Benjamin Farjeon is said to have been born on 12 May 1838 in London, England, to Dinah Levy and her husband, Jacob Farjeon, who ran a second-hand clothing business. As one of perhaps five children in a poor Jewish family, he received little formal education. His first job was as a printer's devil on the Nonconformist, a Christian newspaper, where he became a skilled compositor. After a breach with his father over religious matters, he left England in 1854 for the goldfields of Victoria, taking steerage passage to Melbourne on the Ocean Wave. During the voyage he produced several copies of a handwritten newspaper, the Ocean Record.
Farjeon spent a month working as an accountant in Melbourne; then he set out for the goldfields, moving from camp to camp and starting newspapers at each one. In 1861, anxious to reach the new goldfields of Otago as soon as possible, he approached the editor of the Melbourne Argus and sought a position as the paper's New Zealand correspondent.
Arriving in Dunedin he joined the staff of the weekly newspaper the Colonist but soon transferred to the newly established Otago Daily Times where Julius Vogel was editor and joint proprietor with William Cutten. Farjeon was appointed the Times's business manager and also acted as sub-editor, contributor and frequently compositor. In November 1864 Cutten terminated his partnership with Vogel, who took on Farjeon as his partner instead. In March 1866 Farjeon and Vogel sold the Times on condition they were kept on as manager and editor respectively.
Farjeon soon became a well-known figure in Dunedin, involving himself in the social life of the town, and supporting charitable causes such as the Otago Benevolent Institution. He was an early supporter of the Princess Theatre and a founder member and treasurer of the Garrick Club. He bought land and in 1865 and 1866 joined Vogel in a number of speculative mining ventures in Otago.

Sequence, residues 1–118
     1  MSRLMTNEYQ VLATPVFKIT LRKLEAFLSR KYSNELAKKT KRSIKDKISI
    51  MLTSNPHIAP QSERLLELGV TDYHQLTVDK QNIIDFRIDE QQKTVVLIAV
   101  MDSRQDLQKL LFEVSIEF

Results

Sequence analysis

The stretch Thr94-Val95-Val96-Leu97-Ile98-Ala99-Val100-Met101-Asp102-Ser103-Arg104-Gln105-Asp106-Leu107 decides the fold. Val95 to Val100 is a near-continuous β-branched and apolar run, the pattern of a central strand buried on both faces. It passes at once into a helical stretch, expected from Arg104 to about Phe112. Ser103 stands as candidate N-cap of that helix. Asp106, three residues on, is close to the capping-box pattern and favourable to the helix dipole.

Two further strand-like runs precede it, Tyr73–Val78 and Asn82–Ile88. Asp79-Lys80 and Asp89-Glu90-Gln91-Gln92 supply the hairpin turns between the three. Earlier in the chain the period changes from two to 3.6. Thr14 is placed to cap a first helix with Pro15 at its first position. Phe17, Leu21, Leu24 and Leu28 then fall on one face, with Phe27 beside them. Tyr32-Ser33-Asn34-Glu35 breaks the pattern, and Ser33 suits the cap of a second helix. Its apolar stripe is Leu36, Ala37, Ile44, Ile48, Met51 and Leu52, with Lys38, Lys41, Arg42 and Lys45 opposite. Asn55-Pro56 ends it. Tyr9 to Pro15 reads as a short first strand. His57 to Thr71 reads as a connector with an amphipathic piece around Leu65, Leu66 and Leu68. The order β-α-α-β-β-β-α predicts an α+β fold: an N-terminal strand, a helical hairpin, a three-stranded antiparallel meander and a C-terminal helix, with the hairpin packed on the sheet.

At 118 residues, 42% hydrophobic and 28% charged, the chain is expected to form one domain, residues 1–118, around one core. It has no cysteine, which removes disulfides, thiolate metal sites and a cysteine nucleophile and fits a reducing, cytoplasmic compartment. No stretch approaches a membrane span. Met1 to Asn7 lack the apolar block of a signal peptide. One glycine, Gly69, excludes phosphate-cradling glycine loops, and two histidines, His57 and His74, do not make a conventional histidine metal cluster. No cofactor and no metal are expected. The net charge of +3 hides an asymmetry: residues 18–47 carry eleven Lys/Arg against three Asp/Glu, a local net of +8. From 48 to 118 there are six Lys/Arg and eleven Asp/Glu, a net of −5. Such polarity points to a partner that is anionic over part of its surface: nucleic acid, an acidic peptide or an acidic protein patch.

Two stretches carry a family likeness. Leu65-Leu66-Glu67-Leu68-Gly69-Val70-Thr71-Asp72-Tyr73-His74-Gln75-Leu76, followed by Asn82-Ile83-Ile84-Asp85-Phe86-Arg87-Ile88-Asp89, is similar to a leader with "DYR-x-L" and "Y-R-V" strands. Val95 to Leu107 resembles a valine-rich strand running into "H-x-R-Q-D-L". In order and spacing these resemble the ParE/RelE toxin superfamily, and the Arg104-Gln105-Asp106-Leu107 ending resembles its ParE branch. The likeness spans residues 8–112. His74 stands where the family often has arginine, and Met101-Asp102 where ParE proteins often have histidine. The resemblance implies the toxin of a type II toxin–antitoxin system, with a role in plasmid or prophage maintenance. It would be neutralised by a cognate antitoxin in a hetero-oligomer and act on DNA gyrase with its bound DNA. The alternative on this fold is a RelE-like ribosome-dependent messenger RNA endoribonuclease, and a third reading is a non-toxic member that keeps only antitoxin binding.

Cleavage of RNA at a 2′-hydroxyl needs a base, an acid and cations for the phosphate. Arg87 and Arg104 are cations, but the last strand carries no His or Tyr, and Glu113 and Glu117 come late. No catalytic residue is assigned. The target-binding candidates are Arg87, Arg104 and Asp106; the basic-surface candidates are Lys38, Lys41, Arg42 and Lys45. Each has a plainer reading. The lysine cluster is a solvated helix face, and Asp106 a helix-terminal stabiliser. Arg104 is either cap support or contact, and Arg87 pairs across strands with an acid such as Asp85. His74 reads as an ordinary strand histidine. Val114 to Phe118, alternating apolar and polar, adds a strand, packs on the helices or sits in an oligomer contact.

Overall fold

Farjeon's literary career flourished in Dunedin. His unfinished novel, The life and adventures of Christopher Congleton, appeared anonymously in serial form in the Otago Witness during 1862 and 1863. Shadows on the snow (1865) and Grif: a story of colonial life (1866) appeared next, under the name he was to use as an author: Benjamin Leopold Farjeon. Both works, which were illustrated by Nicholas Chevalier (a long-standing friend of the Farjeon family) and published by William Hay, drew on Farjeon's experience of the Australian goldfields. They were, in part, simultaneously composed and set up in type by Farjeon in the Times office. Grif made Farjeon's name as a novelist and was later revised and several times reprinted. Two further novels, Jessie Trim and At the sign of the silver flagon, and a story, 'Jackass Flat', were published in Dunedin papers between 1874 and 1880, after Farjeon's return to London.
Farjeon also met with considerable success as a dramatist and producer of his own plays at the Princess Theatre. Three satirical burlesques, The golden fleece, or the loves of Jason and Medea (1864), Faust (1865) and Guy Fawkes (1867), were played to great acclaim. He also produced a highly coloured three-act drama, A life's revenge (1864), set in revolutionary France and loosely based on Wilkie Collins's story 'Sister Rose'.
In a brief memoir of Farjeon, Sir George Fenwick described him as 'of the quick, alert, restless type, of rather short stature, with beady black eyes'. His daughter, Eleanor, saw him as exuberant, impetuous and extravagant. 'His mood (when it wasn't irascible) was overflowingly generous.'
His impulsive nature is illustrated by the circumstances which led to his departure from New Zealand in December 1867. Farjeon had dedicated Shadows on the snow to Charles Dickens and sent him a copy in the hope that Dickens would publish it in his weekly periodical, All the Year Round. On the basis of Dickens's mildly encouraging reply – he declined Shadows – Farjeon threw up a burgeoning career in Dunedin and returned to England.
Farjeon settled in London and adopted a literary lifestyle with enthusiasm, becoming widely known as a prolific and popular author. His output included sentimental Christmas stories such as Blade-o'-grass (1871); three-decker novels (many with working class settings) such as Joshua Marvel (1871) and The duchess of Rosemary Lane (1876); and sensational fiction of which the best-known examples are Great Porter Square: a mystery (1884) and The mystery of M. Felix (1890).
On 6 June 1877 at the Register Office, Hampstead, Farjeon married Margaret Jane Jefferson. The couple had four sons (one of whom died in infancy) and a daughter, Eleanor Farjeon, the children's author. Benjamin Leopold Farjeon died at Hampstead on 23 July 1903.